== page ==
Monthly Archives: June 2006

Psyche on consciousness and self-representation

A new issue of respected online consciousness journal Psyche has just been published with a special issue on self-representation and consciousness. The issue debates the idea that mental states are only conscious when they are structured both to represent a particular object of thought and themselves. Take the ticking of a clock. The brain will […]

Pentagon memo lists homosexuality as mental disorder

According to a news report from NBC, it seems the Pentagon are still stuck way back in 1973, when the American Psychiatric Association removed homosexuality from its list of mental disorders: WASHINGTON – A Pentagon document classifies homosexuality as a mental disorder, decades after mental health experts abandoned that position. The document outlines retirement or […]

The science of empathy

The Times recently published a curious article on the science of empathy after a case where an eight year-old girl broke her leg and several drivers apparently drove past without caring to stop and help. Apart from the grating “empathy has a physical location” (the spirit of phrenology lives on…) it’s a brief but interesting […]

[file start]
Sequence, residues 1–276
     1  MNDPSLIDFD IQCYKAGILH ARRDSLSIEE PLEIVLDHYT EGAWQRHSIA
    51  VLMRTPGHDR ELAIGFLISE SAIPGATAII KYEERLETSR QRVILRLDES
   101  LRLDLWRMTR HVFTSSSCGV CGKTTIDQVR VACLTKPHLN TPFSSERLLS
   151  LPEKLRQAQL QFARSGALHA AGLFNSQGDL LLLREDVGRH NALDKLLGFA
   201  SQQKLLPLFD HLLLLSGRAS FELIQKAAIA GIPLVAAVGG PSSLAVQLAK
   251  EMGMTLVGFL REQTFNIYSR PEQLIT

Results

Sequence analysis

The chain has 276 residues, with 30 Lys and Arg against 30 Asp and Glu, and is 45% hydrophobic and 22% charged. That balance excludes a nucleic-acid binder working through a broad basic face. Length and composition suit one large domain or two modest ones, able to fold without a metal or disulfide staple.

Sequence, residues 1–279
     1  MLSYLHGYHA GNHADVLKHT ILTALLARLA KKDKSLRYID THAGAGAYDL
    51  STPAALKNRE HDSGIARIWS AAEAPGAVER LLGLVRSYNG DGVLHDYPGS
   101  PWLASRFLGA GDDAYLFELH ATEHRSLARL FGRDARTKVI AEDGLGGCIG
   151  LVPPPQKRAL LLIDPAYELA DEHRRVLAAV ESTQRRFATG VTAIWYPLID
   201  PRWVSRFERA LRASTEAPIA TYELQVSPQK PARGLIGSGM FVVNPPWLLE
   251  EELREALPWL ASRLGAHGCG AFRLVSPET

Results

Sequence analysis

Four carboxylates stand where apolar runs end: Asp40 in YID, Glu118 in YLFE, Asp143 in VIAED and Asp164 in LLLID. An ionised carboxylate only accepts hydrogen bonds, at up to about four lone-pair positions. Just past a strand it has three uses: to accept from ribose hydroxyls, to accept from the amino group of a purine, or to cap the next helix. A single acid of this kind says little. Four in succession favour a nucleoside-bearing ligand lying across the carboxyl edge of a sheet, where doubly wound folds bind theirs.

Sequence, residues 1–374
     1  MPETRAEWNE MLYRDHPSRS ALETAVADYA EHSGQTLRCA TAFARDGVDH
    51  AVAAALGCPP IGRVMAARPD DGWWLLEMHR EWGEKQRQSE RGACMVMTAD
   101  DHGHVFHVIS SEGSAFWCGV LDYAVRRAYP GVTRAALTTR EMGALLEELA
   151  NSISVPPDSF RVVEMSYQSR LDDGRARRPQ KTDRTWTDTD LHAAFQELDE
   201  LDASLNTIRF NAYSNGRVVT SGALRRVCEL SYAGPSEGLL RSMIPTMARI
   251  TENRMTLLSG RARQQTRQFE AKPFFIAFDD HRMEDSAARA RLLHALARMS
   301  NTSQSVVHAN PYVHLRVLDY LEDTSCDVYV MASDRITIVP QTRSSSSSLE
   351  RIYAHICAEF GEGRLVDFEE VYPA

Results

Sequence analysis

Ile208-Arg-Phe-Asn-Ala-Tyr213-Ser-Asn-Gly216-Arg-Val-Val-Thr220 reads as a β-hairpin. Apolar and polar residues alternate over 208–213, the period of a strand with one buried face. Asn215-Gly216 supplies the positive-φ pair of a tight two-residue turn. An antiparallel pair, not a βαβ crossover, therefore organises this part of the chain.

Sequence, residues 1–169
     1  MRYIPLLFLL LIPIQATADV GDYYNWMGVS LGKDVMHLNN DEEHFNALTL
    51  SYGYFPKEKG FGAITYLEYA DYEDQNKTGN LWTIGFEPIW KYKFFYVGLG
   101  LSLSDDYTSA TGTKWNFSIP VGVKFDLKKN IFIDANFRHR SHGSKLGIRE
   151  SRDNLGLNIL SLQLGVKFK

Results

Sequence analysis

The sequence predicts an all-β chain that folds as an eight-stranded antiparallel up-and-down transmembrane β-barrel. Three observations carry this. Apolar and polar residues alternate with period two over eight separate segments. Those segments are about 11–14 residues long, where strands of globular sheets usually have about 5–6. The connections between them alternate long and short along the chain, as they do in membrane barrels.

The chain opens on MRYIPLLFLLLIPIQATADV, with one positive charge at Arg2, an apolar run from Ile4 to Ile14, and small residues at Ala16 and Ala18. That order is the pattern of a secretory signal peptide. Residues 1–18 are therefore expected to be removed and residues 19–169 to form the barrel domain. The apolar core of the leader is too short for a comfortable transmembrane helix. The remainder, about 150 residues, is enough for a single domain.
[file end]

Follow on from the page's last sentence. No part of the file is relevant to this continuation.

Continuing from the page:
Kandinsky’s roaring colours

The Telegraph has an article on an upcoming exhibition at London’s Tate Modern gallery that shows how Kandinsky used his synaesthesia to create the world’s first truly abstract paintings. Kandinsky discovered his synaesthesia at a performance of Wagner’s opera Lohengrin in Moscow: “I saw all my colours in spirit, before my eyes. Wild, almost crazy […]

Better living through neurochemistry?

The use and abuse of psychiatric medication has been a hot topic in the news recently with discussion about whether we are too keen to medicate ourselves, and too keen to medicate our children, all in the hope of improving performance and behaviour. The Washington Times Post recently published a widely circulated article, on the […]

Swimming in bottomless lakes

“Our whole past experience is continually in our consciousness, though most of it sunk to a great depth of dimness. I think of consciousness as a bottomless lake, whose waters seem transparent, yet into which we can clearly see but a little way.” Philosopher Charles Peirce in Vol VII of his Collected Papers.

Is psychology a science?

One of the most common questions faced by psychologists is answered on video by 11 year old Professor Henry A. Waldorf while he skillfully plays the cello and wears a hat. Bravo Professor Waldorf! I look forward to your forthcoming presentations to the Royal Society. Link to ‘Is psychology a science?’ on YouTube.

Not tonight honey…?

Although headaches are a traditional turn-off for amorous couples, new research published in the journal Headache suggests that people susceptible to migraines actually report greater levels of sexual desire. The authors suggest that the link may be levels of the neurotransmitter serotonin – which are linked to libido and have also been found to increase […]